–10 plants are needed for sufficient seed quantities.

–Harvest when pods are dry.

–Seed are viable 3 – 4 years.

Cowpeas1Cowpeascowpeas2

  • Peas: 10 – 20 feet between varieties is sufficient to prevent cross pollination (self-pollinating).

–10 plants are needed for sufficient seed quantities.

–Harvest when pods are dry.

–Seed are viable 3 – 4 years

Dried peas on vineDried peas1Dried peas

  • Remember, this is fun and practical! Any questions?

Papa

Seed Saving Garden? What’s That? Part 2

As heirloom vegetables, herbs and flowers are losing ground by an estimated 10,000 a year, seed saving has become a race for time and the home gardener has a place in this race.

This information was part of a presentation offered during the fall festival at Baker Creek Heirloom Seed Company.

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Seed Saving for the Beginner

  • Self pollinating annuals

–It is wise to perpetuate only open pollinated, heirloom varieties.

  • Beans, lettuce and peas are easy for seed saving production.
  • Tomatoes – bagging tomato hand (truss) or meeting isolation distances between varieties.
  • Cucumber, okra and melons are insect pollinated. One variety allows for production of true to type seed.
  • Pumpkins and squash should be hand pollinated and kept in a bag or cage until fruit is set.
  • Do not take on biennials requiring vernalization.
  • Do not take on those varieties requiring large isolation distances.

Population Size

  • Seeds collected from a number of plants of the same variety, protects the variety’s genetic diversity.
  • Seeds collected from a number of plants of the same variety, is essential to the health and performance of the variety.
  • Seeds collected in your garden are unique to the changing conditions of you area.
  • These seeds are now a one of kind variety for your special use.

Isolation

  • Goal – produce true to type seeds

–Prevent unwanted cross pollination

  • Isolation techniques:

–Blossom bagging – successful fertilization evidenced by development of  fruit.

Save okra seedTomato seed saving

  • Caging – a physical barrier made of a frame and screen to prevent cross pollination of insect pollinated plants.

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Garden cages4

Bagging and caging are useful for those who have limited space. The netting or row covers will prevent inadvertent cross pollination by wind or vibration.  Plus, the caging method is a great way to contain pollinators (such as bumble bees and mason bees) to pollinate Cucurbit (cucumbers, melons, squash, watermelons) crops.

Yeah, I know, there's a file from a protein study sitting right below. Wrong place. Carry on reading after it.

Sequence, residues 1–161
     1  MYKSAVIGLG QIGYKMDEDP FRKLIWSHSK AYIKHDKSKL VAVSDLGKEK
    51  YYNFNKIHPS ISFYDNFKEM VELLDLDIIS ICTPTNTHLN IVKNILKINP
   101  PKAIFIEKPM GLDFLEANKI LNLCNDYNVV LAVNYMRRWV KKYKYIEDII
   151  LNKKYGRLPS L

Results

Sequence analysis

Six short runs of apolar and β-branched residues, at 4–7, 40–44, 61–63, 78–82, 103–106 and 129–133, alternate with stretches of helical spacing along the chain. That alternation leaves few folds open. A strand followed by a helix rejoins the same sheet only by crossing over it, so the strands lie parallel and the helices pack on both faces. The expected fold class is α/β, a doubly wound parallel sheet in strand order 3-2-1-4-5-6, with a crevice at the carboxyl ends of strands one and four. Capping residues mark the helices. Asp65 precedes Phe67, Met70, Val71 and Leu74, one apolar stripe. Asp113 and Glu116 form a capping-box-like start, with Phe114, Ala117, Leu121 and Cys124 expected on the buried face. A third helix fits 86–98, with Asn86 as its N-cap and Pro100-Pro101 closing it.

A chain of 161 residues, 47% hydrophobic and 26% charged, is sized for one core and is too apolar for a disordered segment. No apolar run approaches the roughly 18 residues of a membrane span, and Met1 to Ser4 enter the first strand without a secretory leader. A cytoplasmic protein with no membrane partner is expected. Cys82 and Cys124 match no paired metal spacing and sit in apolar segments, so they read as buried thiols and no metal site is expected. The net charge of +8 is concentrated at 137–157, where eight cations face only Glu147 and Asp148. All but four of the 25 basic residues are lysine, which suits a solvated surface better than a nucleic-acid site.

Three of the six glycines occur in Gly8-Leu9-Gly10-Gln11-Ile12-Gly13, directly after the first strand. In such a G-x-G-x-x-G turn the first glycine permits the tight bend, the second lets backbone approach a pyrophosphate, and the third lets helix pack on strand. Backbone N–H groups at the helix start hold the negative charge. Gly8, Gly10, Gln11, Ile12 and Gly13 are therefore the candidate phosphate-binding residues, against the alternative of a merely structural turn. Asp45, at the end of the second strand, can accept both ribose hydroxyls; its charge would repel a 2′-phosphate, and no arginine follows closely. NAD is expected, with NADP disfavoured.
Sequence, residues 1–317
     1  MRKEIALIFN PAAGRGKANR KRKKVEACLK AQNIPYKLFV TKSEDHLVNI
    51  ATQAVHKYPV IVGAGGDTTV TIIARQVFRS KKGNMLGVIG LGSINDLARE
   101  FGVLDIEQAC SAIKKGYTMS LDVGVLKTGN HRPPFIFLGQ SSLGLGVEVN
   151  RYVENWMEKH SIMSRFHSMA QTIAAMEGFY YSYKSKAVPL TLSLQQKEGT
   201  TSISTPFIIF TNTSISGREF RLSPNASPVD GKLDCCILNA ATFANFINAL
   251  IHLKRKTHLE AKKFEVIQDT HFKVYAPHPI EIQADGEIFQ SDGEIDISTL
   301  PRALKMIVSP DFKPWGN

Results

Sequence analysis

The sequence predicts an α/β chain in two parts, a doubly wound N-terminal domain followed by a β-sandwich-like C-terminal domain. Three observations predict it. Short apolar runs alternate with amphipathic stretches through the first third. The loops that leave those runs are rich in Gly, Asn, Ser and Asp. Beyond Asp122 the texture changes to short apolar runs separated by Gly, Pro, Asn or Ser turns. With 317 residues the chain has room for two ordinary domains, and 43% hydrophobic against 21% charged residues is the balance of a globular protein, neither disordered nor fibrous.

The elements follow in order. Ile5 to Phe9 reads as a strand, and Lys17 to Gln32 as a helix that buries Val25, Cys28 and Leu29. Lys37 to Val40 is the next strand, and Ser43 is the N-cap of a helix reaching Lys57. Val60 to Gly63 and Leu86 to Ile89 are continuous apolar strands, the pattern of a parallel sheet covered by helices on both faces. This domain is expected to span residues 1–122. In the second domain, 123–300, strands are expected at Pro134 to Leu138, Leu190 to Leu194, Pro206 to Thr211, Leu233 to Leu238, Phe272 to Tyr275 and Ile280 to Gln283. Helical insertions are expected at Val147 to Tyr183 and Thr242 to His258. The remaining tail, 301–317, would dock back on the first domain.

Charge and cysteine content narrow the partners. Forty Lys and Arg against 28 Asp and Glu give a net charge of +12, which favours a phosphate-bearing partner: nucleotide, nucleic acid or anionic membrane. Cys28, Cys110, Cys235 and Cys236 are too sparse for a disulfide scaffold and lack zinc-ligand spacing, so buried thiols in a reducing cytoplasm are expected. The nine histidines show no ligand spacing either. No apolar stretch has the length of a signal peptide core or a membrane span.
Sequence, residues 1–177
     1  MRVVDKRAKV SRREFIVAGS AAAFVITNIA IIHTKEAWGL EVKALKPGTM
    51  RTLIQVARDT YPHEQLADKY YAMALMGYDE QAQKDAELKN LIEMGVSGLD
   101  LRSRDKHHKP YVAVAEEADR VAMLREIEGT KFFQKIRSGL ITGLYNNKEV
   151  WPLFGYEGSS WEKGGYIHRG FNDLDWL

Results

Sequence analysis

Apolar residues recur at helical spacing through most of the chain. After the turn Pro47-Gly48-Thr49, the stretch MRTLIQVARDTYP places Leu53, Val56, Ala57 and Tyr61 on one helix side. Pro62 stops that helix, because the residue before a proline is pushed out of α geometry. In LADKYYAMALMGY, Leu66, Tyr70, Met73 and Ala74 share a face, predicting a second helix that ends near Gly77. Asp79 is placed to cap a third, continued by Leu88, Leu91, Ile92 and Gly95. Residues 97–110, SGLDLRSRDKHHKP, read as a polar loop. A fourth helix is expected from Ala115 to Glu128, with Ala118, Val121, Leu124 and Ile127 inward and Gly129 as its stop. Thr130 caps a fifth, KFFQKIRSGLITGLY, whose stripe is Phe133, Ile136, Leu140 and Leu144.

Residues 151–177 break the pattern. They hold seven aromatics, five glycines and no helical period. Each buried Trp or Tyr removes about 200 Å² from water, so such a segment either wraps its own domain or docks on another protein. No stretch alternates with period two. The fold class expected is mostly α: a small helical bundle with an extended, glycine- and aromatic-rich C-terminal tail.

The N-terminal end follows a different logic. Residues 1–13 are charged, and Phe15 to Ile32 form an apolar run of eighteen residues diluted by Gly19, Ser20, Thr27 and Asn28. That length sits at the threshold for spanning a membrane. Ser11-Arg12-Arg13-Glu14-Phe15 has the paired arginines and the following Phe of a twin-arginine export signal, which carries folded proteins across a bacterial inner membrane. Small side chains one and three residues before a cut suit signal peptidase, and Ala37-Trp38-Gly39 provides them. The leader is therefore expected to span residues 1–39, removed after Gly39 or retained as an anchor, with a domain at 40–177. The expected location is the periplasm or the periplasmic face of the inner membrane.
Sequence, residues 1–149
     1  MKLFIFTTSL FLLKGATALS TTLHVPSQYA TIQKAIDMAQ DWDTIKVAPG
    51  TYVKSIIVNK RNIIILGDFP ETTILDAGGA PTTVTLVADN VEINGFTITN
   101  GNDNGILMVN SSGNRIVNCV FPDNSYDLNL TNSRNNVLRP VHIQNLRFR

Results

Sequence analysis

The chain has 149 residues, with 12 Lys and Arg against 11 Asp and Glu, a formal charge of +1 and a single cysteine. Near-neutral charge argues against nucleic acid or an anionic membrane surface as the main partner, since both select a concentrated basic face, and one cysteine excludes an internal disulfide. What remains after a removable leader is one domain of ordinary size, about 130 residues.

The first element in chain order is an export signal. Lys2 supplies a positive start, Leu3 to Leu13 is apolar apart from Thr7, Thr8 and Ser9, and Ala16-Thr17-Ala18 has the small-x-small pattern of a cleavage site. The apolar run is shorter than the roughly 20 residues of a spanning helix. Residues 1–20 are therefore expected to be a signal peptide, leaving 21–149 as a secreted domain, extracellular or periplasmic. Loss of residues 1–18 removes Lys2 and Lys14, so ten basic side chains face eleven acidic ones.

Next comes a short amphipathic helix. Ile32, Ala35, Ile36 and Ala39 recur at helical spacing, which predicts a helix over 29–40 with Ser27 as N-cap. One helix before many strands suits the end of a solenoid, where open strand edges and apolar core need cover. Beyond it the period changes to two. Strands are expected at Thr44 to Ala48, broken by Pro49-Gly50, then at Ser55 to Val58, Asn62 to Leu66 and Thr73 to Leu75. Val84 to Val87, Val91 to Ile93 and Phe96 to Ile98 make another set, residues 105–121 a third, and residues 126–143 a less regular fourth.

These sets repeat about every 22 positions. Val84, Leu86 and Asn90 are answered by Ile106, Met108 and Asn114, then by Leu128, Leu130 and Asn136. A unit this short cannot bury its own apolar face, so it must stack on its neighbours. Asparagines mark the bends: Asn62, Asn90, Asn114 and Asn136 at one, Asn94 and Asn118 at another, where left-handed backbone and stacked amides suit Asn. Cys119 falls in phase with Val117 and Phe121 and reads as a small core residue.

Please, I am looking forward to answering any of your questions!!

Papa

Seed Saving Garden? What’s That?

Have you considered saving seed from your garden? Saving seed was once an option. Not any more. It is absolutely essential!! With an uncertain economy and a shrinking heirloom seed pool, the time has come to start saving seed. Over 90% of our heirloom seed have been lost to apathy, lack of interest and the advent of hybrids.

I offered a presentation on  Planning a Seed Garden during the September Baker Creek Heirloom Seed Fall Festival. I will be sharing this information over the next few days.

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  • Determine your favorite open pollinated (true to type) vegetables, herbs and flowers.
  • Does your current garden have the space necessary for vegetable and seed saving production?

–Make a garden plan to fit the space available.

Start small, planting a familiar variety that you are comfortable growing.

–What seed crop or crops are worth the space?

  • Isolation requirement, pollination method and plant requirement must be considered.

Annual Crops

  • Will your seed saving choice have time to mature?

–Tomato, winter squash and grains are harvested at maturity.

–Eggplant, cucumber, snap peas and beans need additional time for seed          maturity.

–Leaf crops (Oriental greens, lettuce, spinach), stalk crops (celery, celtuce,      cardoon, Swiss Chard, asparagus, fennel) and root crops (potato, sweet potato)    need additional time for seed maturity.

Biennial Crops

  • Need cold for vernalization requirement.

–Vernalization is a period of chilling before flowering.

  • Winter chilling is critical for flower initiation.
  • Cabbage, carrots, beets, turnips, kale grow foliage the first year.

–Overwintering initiates flowering the following spring, producing seed.

Are there any questions? Please send them!

Papa